TCS Daily

The IMF and Oil Prices

By Desmond Lachman - October 12, 2004 12:00 AM

On reading the IMF's most recent and sanguine World Economic Outlook report, one cannot help but be reminded of the apocryphal story regarding the inquiry into the sinking of the Titanic. When asked why he did not turn the ship away from the iceberg to avoid the collision, the surviving captain of the Titanic asked "What iceberg?" With international prices now trading at over $50 a barrel, one must wonder whether the IMF is not missing something equally visible and obvious that has the real potential to slow the global economic recovery.

Despite the approximately two thirds increase in oil prices since the start of this year, the IMF is projecting that the global economy will continue to grow at above trend in 2005. Thus, following a banner 2004 when the global economy is expected to have grown by 5 percent, the IMF is projecting that world economic growth will remain strong at around 4 ¼ percent in 2005 At the same time, it is projecting that US economic growth will slow only moderately from 4 ¼ percent in 2004 to 3 ½ percent in 2005.

On the basis of these projections, the IMF is appealing for a significant tightening in global macro-economic policies. Specifically, it is suggesting that central banks should raise global interest rates further to more normal levels as the recovery proceeds. At the same time, it is suggesting that governments should take advantage of the global economic upturn to address fundamental medium-term problems associated with higher than desirable budget deficits.

A critical assumption underlying the IMF's rosy economic forecast is that international oil prices will decline steadily from their present lofty levels of over $50 a barrel to an average of $37 a barrel in 2005. While one certainly cannot exclude that possibility, one must note that it flies in the face of the view held by a number of respected international energy analysts. These analysts believe that the recent run-up in oil prices is not a fleeting phenomenon. Indeed, far from foreseeing any sustained relief from presently high international oil prices, they are suggesting that the balance of risks points to even higher international oil prices over the next two years.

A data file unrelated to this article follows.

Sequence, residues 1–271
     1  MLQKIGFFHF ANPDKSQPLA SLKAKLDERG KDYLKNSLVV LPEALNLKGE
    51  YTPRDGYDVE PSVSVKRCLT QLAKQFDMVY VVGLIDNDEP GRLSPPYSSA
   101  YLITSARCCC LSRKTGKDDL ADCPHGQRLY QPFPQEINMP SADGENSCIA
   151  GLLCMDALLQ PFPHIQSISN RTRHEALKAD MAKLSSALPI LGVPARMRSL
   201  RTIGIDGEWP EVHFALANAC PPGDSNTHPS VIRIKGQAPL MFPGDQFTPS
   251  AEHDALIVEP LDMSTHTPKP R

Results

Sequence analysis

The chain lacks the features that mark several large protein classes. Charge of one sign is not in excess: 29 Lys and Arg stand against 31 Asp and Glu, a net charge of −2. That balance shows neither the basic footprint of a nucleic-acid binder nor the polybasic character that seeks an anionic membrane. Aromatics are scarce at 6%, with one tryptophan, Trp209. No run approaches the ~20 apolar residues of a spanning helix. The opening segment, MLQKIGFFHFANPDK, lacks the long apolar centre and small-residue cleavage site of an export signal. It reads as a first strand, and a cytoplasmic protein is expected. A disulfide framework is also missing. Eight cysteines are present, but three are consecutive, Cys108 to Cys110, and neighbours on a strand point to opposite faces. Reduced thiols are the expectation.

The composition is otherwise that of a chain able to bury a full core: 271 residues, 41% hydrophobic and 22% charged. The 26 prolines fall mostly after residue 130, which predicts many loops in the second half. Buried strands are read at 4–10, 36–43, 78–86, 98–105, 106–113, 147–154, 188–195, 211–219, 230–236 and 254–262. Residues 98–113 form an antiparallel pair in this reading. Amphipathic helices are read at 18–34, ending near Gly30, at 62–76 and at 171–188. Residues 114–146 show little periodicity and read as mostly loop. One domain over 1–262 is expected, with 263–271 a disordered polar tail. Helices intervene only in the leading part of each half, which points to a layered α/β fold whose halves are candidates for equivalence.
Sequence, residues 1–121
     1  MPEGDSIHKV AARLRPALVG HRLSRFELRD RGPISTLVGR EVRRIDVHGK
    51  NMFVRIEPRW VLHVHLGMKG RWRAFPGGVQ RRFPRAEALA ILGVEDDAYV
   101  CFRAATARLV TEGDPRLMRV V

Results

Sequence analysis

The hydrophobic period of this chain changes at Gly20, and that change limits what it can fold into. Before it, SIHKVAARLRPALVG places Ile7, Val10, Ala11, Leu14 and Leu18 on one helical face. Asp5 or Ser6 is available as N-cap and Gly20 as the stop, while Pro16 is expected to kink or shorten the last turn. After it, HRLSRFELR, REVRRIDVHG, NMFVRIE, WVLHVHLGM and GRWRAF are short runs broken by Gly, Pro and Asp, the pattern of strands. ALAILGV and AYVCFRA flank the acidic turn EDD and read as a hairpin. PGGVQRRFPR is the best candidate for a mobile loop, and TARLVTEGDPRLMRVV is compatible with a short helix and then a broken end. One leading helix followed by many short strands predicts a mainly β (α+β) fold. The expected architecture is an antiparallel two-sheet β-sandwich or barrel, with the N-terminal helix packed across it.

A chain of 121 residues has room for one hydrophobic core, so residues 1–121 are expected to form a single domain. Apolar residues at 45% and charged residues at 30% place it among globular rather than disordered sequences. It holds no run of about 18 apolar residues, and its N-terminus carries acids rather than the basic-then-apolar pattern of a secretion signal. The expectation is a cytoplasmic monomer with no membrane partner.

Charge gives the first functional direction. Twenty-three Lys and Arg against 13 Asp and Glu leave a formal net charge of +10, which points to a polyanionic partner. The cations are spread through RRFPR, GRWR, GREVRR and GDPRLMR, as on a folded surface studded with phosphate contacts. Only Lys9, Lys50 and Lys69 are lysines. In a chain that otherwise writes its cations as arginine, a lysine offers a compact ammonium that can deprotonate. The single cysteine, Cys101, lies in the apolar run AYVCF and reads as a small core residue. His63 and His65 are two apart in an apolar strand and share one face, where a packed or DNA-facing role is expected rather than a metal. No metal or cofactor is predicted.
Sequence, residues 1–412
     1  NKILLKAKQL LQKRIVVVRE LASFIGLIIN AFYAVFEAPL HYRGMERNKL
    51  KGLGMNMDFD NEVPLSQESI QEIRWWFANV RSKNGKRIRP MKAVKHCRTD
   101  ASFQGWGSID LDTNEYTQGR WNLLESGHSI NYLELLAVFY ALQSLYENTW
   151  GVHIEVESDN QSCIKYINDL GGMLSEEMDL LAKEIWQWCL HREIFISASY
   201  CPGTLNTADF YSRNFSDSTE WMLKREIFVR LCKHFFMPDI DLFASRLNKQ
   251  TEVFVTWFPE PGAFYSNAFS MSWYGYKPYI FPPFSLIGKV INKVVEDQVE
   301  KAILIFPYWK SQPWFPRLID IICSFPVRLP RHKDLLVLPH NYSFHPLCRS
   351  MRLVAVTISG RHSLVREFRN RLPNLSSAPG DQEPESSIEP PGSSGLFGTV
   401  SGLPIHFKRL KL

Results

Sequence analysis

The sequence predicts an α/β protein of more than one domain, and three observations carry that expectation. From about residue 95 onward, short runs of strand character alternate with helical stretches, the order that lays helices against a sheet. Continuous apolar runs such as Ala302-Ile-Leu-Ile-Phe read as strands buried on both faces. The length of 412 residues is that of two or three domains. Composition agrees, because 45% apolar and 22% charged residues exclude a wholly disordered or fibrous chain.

The more gloomy view of international oil price prospects rests on the belief that there has been a fundamental change in the global energy situation. Philip Verleger, a senior fellow at the Institute for International Economics in Washington DC, suggests that this is the case for the following four reasons. First, China and India have emerged on the global energy scene as major buyers of oil just as they have begun to make a mark on the global economic scene. Second, both OPEC and the large multinational oil companies did not anticipate the increased energy demand over the past few years. As a result, they failed to expand capacity at an adequate rate to meet that demand. Third, political circumstances in a number of key oil-exporting countries -- including Iraq, Iran, Nigeria, Russia, and Venezuela -- have become increasingly precarious to say the least. Fourth, investment in refinery processing and transportation capacity has been neglected in the United States and Europe.

Our past sad experience with international oil price shocks during the 1970s and early 1990s suggest that these shocks do have a major impact on the global economy. Indeed, the IMF itself estimates that, despite the considerable progress made over the past thirty years in reducing the industrialized economies' energy dependence, a sustained $5 a barrel increase in oil prices reduces global GDP growth by 0.3 percentage points. Moreover, it reduces US GDP growth by 0.4 percentage points. On that basis, one would expect that were oil prices to stay above $50 a barrel in 2005, we would be lucky to have global GDP growth much above 3 percent and US GDP growth much above an anemic 2 percent in 2005.

Economists like to think of an oil price hike as similar to an increase in indirect taxes, whose proceeds accrue to a foreign government. This has the effect of both raising the domestic price level and reducing domestic demand. In the context of a global recovery that has only recently gained traction and of a global inflation picture that remains benign, one must wonder about the wisdom of the IMF now proposing that policymakers compound the contractionary impact of the oil price shock with a tightening of monetary and fiscal policies. Might it not make more sense for policy makers to wait and see how permanent the oil price shock proves to be and to gauge how damaging is that shock to the global recovery before rushing to tighten economic policies?

The author is Resident Fellow, American Enterprise Institute and a TCS contributor.


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